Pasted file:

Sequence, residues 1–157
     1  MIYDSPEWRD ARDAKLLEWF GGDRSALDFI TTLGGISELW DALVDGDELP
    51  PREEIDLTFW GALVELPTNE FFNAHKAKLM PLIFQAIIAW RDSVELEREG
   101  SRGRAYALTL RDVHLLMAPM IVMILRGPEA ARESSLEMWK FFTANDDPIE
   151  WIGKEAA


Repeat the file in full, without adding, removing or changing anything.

Sequence, residues 1–157
     1  MIYDSPEWRD ARDAKLLEWF GGDRSALDFI TTLGGISELW DALVDGDELP
    51  PREEIDLTFW GALVELPTNE FFNAHKAKLM PLIFQAIIAW RDSVELEREG
   101  SRGRAYALTL RDVHLLMAPM IVMILRGPEA ARESSLEMWK FFTANDDPIE
   151  WIGKEAA